Supply Chain Auditing for Poultry Production in Thailand
Place: Thailand • Dates: 2008 • Partner: FAO
This project provided a schematic overview of the supply chain and resource flows for three models of poultry production in Thailand: backyard producer, medium contractor, and industrial scale. By elucidating the vertical and horizontal linkages that bind these actors into a web of formal and informal economic relationships, we aimed to facilitate better understanding of how actors will be affected by changes in policy regulation or shocks to the sector. For the Thai poultry sector, this is important for several reasons. Large scale industrial poultry production is one of the economy’s most important sources of animal-derived food, employment, and income. At the other extreme, smallholder backyard production remains nearly ubiquitous across an extensive low income rural population. The former group is tied to some of the most important food industries in the economy, and the health of the industrial sector is critical to the country’s trade and urban living standards. The latter group is linked through local livestock markets to low income networks of small enterprises that spread pro-poor multiplier effects across most of the country’s diverse land area.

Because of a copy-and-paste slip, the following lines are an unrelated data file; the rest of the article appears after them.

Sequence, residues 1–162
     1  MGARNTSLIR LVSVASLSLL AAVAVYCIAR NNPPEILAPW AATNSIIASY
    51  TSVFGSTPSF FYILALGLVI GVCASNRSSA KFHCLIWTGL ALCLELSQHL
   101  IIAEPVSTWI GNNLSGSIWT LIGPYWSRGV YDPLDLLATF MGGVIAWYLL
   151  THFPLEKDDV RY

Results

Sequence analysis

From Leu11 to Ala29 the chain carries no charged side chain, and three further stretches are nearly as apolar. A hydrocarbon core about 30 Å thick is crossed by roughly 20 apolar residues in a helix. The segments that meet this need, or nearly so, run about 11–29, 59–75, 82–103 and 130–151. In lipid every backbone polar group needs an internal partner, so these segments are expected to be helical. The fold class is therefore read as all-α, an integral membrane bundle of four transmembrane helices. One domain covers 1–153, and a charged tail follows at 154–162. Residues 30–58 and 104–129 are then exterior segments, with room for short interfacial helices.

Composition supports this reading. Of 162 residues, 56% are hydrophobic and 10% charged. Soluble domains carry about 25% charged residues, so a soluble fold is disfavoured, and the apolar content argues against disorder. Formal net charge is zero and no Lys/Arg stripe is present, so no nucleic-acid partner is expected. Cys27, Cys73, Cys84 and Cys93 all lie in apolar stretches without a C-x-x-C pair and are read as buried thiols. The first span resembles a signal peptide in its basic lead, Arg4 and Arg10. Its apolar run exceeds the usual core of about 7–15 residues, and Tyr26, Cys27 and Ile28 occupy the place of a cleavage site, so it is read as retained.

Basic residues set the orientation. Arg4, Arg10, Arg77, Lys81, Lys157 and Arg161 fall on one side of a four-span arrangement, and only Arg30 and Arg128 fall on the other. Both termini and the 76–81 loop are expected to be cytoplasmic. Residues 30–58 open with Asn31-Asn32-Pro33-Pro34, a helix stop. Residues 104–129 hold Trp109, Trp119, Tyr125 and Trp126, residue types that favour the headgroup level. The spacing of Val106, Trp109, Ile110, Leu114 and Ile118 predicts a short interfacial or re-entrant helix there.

We conclude that each production model has advantages and disadvantages and none is likely to disappear completely. This kind of structured perspective on an essential food and livelihood sector can support more effective actions by decision-makers who have the responsibility to design and implement policies affecting a broad spectrum of market participants.